Fady Kadry talks about how an insanely unrealistic bet turned into more than a year of hard work using a home studio equipped with industry-standard software and explains how the Rivendell project went from a bunch of references to a stunning picturesque animation step by step.
My name is Fady, I am the Head of Build at DNEG Montreal. Fun fact, I studied Classics at the Ain Shams University in Cairo, a completely different field than what I chose to do for a living.
I have had the pleasure of traveling around the globe, working for the biggest names in the industry. I started my career as a freelancer in Egypt, I did some modeling and texture painting for TV commercials, TV animated series. My first professional step was at AROMA Design & Solutions in Giza, Egypt where I started my actual career as a generalist. I have done modeling, texture painting, look development, and some other things like lighting.
I had the pleasure of working in feature animation in Barajoun, Dubai. After that, I had the opportunity to work for DNEG London as a Generalist TD. I also worked at Weta Digital as a Groomer/Modeler for such shows as Valerian and the City of a Thousand Planets, Justice League, Alita: Battle Angel, and other shows.
I then joined Scanline VFX in Vancouver as a Groomer/CFX artist where I worked on shows like Justice League, The Meg, and briefly on Black Panther. Later on, I had the opportunity to join the extremely talented team at ILM Vancouver as a Modeler (where I have done hard surface and organic modeling) and Groom for projects like Bumblebee, Aladdin, and Overlord.
Then I worked at Method Studios Vancouver and Montreal as a Lead Groomer and later was promoted to Head of Groom where I worked on such shows as Aquaman, The Christmas Chronicles, Bloodshot, Men in Black: International, and the remake of The Witches.
This journey led me to where I am today, I started at DNEG Montreal as a CG Build Supervisor in such shows as Ghostbusters: Afterlife, Infinite, and that marked my last hands-on show (at least for now) as I have transitioned into the Head of Build, where my responsibilities are about building a strong team that can tackle complicated asset work from modeling all the way to groom.
Working on the Rivendell Scene
I am a huge fan of The Lord of the Rings. My first groom demo reel was all about hobbits.
But the Rivendell project started with a bet with my friends (which I ultimately lost) that I can re-create this concept in just one month!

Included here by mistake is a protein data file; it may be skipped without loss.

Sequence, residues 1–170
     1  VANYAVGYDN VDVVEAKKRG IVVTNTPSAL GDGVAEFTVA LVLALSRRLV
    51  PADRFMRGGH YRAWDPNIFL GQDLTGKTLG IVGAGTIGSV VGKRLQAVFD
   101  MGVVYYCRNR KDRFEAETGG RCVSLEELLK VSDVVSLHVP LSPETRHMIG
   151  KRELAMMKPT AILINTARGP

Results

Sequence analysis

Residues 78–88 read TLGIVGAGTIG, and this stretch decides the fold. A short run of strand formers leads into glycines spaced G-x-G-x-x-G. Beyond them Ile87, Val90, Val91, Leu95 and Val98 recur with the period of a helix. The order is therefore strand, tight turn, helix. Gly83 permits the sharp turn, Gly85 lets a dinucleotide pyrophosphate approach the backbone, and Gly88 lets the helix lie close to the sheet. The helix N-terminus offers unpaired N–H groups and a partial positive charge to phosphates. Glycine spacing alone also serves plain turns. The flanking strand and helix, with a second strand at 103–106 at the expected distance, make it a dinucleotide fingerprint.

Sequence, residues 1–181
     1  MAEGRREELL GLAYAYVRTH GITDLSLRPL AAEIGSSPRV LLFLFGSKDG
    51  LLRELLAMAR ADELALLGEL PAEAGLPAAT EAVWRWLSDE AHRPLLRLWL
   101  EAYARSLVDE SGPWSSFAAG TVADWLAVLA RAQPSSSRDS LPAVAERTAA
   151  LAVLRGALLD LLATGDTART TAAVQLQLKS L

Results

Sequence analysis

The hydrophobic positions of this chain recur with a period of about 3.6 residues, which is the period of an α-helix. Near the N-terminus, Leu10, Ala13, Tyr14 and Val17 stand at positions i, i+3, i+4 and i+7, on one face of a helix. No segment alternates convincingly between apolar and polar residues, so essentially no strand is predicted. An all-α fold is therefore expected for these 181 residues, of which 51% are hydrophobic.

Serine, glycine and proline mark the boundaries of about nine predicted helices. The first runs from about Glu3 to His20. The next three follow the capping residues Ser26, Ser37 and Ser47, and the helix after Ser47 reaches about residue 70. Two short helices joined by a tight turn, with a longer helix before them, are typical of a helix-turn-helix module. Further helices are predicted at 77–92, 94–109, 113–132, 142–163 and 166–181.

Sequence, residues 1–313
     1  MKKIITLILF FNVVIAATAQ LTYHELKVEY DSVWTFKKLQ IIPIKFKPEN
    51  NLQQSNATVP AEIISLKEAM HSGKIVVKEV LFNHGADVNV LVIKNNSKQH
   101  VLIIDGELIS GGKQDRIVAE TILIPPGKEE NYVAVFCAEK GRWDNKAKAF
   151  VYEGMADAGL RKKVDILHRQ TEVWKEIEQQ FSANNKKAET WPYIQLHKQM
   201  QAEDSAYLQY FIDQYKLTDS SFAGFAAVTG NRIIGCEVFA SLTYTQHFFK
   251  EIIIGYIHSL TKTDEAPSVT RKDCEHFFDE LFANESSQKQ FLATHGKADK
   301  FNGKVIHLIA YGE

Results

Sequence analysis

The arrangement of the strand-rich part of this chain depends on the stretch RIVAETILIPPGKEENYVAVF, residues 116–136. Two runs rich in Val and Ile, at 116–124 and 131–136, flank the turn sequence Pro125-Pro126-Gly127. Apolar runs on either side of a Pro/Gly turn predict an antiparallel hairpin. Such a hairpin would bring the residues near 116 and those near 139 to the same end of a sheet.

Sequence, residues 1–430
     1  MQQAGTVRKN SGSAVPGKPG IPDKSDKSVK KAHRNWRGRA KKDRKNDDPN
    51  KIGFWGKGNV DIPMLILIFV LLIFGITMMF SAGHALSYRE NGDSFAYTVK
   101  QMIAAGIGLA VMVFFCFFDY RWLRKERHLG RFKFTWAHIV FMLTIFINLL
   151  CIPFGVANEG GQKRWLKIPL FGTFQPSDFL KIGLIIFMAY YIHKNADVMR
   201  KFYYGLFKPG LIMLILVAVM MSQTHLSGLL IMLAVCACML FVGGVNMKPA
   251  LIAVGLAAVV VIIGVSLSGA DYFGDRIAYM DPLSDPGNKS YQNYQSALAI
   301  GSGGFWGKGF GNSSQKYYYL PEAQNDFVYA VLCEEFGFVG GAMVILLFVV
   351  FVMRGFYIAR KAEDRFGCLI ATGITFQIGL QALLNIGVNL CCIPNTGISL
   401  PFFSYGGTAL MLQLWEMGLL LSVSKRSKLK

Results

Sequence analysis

Later I decided to change this concept as I wanted to create a nicer composition.
Apparently, I overestimated how many hours there are in a day after finishing my full-time job as a Head of Groom at the time. Re-creating Rivendell was always a dream of mine and it seemed like a good challenge and also a great source and motive to learn new aspects of the industry that I had never tackled before like water simulation, pyro simulation, scattering, and USD. What made me proud the most, is how long this project took and how determined I was to finish it.
Working with reference was quite easy, I have a long modeling background. So I could read and understand how the different buildings were created and connected with little information that you can extract from the Internet-collected references (which sometimes is the case when working in the industry and references are not provided).
I managed to install CentOS 7.6 as my operating system, which gave me the flexibility to install and modify some of the major DCCs that we use in our day-to-day life at any studio.
Also, having CentOS as my operating system allowed me to build, install, configure and connect my storage server to my system using ZFS filesystem and NFS via 10GB network interfaces to allow me to transfer huge files at a reasonable speed.
My home setup is the following:
1) Main workstation
- 2x 2698 Xeon 80 threads
- 256 GB ram DDR4
- RTX titan
- multiple SSD for system and cache drives
- EIZO CG24
2) Storage server
- 2×2620 24 threads
- 128 GB DDR3
- 60 TB SAS
A major part of the project plan was creating a reliable and highly effective home pipeline that would tie everything together into a whole puzzle.
A key point of this project was to utilize USD (Universal Scene Description) from Pixar as a bridge between Houdini, Maya, and Katana. Which at the time, I had to manually compile. After a good deal of sleepless nights, one day it worked. And that day will always be in my memory.
Then came the time to install all the pieces that would help me get to the finish line. I decided to work with industry-standard tools such as The Foundry toolset (Mari, NukeX/Studio, Katana), Houdini, Mudbox, ZBrush, SpeedTree, UVLayout, RV, Modo, Substance Suite, Pixar’s RenderMan.
Blockouts and Modeling